You can confirm that you are in safe mode by clicking the Apple logo in the upper left corner of your screen, then holding down the “Option” button on your keyboard and selecting “System Information” from the list. Click the “Software” heading in the sidebar, then look for “Safe” next to “Boot Mode.” (If you see “Normal”, you are still in standard boot mode; try again.)
Once you’ve booted into safe mode, restart your Mac as usual and try opening the Mac App Store again.
Update macOS to the latest version
Updating your Mac software can fix all sorts of problems with the App Store and other things not working on macOS. (Updates can occasionally introduce new issues as well.) You can do this in System Settings > General > Software Update in macOS 13 Ventura, or System Preferences > Software Update in earlier versions of macOS.
Here you can find two types of upgrades. There’s the standard “patch” that incrementally fixes bugs and improves system performance (for example, macOS 13.0.2), or you might see a much larger system update that upgrades your Mac to the latest version of macOS ( for example, macOS 13 Ventura ).
Sign out and then sign back in
Sometimes the problem is with your account and not with the underlying software. This may fix your problem if the App Store keeps asking for a password.
With the Mac App Store app open and in focus, click Store at the top of the screen, then choose “Sign Out” at the bottom of the list. Now sign in again using the Store > Sign In option.
The specific app won’t update? Check the linked Apple ID
Did you know that it’s possible to sign in to someone else’s Apple ID by going to Store > Sign Out/Sign In, download an app you’ve purchased, and then sign back into your own account? While this may seem like a solid way to share purchases with friends and family, it does present problems when it comes to updating apps.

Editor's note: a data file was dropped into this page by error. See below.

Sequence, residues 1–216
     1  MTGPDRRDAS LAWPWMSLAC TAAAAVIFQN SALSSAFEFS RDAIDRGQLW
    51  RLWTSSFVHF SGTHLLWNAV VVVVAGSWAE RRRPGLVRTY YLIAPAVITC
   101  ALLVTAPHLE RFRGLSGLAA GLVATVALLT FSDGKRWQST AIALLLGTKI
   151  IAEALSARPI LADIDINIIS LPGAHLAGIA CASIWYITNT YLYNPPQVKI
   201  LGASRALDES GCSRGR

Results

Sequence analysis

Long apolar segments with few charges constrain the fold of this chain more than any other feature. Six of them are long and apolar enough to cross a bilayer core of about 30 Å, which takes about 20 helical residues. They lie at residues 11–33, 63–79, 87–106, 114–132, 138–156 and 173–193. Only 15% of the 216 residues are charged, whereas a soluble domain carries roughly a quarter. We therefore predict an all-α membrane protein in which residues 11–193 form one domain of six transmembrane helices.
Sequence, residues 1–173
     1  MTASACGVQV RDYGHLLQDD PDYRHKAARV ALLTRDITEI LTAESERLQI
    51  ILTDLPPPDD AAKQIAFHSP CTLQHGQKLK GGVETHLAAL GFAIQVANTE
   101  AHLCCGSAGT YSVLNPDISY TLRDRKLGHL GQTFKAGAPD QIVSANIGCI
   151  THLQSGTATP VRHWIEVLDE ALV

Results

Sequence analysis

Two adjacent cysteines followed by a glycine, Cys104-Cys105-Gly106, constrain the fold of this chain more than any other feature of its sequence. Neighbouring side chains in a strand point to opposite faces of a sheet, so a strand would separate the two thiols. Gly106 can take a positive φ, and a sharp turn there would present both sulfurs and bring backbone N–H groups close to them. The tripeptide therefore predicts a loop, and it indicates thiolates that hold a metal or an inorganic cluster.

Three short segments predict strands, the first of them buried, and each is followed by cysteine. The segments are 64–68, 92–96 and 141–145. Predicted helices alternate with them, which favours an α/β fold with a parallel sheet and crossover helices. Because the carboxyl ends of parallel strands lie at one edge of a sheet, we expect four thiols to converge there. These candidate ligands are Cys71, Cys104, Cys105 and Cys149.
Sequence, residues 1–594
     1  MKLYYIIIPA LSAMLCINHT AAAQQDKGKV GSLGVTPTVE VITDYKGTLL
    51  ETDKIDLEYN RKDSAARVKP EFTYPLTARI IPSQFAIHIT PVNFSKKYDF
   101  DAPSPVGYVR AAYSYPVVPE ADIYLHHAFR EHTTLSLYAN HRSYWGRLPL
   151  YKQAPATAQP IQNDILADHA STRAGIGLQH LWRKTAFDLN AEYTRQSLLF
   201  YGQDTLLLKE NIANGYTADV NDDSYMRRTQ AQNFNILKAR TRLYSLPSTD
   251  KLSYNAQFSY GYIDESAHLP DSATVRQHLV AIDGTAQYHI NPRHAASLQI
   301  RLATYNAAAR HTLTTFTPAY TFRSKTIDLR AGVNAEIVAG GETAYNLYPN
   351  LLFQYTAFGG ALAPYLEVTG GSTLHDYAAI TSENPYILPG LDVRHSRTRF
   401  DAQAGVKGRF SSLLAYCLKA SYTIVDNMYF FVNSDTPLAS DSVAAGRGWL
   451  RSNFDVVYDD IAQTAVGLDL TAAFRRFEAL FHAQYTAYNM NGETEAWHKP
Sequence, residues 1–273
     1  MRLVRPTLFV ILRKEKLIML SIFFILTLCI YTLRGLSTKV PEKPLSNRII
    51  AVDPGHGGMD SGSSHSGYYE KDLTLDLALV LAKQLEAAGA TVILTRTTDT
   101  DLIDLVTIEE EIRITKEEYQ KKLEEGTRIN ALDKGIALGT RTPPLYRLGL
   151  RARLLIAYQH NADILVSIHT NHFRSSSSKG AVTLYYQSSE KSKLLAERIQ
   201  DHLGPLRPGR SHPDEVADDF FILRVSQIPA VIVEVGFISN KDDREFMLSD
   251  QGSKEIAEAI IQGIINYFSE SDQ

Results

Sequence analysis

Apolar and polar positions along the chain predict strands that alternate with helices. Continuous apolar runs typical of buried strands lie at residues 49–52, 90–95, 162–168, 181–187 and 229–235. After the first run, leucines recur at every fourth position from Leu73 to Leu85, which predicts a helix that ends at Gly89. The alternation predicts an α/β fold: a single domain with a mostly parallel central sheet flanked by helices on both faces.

This can cause the Mac App Store to constantly ask for a password to update an app that is linked to someone else’s Apple ID. If you don’t know the password, the app can’t update and the incessant requests continue. You will need to know the password associated with the account or simply remove the app from your Applications folder.
Check the status of Apple servers
Sometimes the problem is not on your end, but rather caused by a service interruption. Before proceeding to the next step, double check Apple’s System Status page to make sure the Mac App Store or associated services aren’t having a problem. If so, consider waiting before continuing.
Restore Default Keychains
There is some evidence (such as this Reddit post) to suggest that an unresponsive Mac App Store can be resolved by resetting the default local and iCloud keychains. In addition to the original poster, many other commenters confirm that the fix worked. This is a drastic move as you will lose all stored passwords and will need to log into the entire system again.
Another Reddit user describes removing all fingerprints associated with Touch ID and saved passwords, stopping the Messages app and disabling text message forwarding on a linked iPhone, disabling transfer, deleting Safari extensions and contacts appearing as “Unknown” in FaceTime. Over time, these issues have been resolved (and the associated settings can be re-enabled).
To continue, launch Keychain Access (search it with Spotlight or find it in Applications > Utilities) and then click Keychain Access at the top of the screen followed by Settings (or Preferences). Now press “Reset Default Keychains…” to continue.
Other ways to install software
The Mac App Store is just one of the many ways you can install and update apps on your Mac. Some apps are available both from the App Store and directly from the developer, and others can be easily installed using a service like Homebrew.